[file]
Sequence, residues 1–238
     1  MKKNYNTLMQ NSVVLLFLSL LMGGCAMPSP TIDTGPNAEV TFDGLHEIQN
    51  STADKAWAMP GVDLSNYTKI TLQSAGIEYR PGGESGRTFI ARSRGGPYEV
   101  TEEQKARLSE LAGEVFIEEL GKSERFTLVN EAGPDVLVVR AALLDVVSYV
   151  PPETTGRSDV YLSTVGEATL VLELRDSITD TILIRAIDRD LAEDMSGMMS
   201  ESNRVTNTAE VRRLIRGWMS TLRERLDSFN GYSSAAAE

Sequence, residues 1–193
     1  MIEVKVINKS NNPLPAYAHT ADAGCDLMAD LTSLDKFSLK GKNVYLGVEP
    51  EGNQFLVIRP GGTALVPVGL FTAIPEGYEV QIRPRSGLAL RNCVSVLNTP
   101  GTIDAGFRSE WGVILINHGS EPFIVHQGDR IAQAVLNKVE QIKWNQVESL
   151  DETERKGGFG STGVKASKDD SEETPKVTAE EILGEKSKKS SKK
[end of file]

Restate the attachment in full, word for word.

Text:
Sequence, residues 1–238
     1  MKKNYNTLMQ NSVVLLFLSL LMGGCAMPSP TIDTGPNAEV TFDGLHEIQN
    51  STADKAWAMP GVDLSNYTKI TLQSAGIEYR PGGESGRTFI ARSRGGPYEV
   101  TEEQKARLSE LAGEVFIEEL GKSERFTLVN EAGPDVLVVR AALLDVVSYV
   151  PPETTGRSDV YLSTVGEATL VLELRDSITD TILIRAIDRD LAEDMSGMMS
   201  ESNRVTNTAE VRRLIRGWMS TLRERLDSFN GYSSAAAE

Sequence, residues 1–193
     1  MIEVKVINKS NNPLPAYAHT ADAGCDLMAD LTSLDKFSLK GKNVYLGVEP
    51  EGNQFLVIRP GGTALVPVGL FTAIPEGYEV QIRPRSGLAL RNCVSVLNTP
   101  GTIDAGFRSE WGVILINHGS EPFIVHQGDR IAQAVLNKVE QIKWNQVESL
   151  DETERKGGFG STGVKASKDD SEETPKVTAE EILGEKSKKS SKK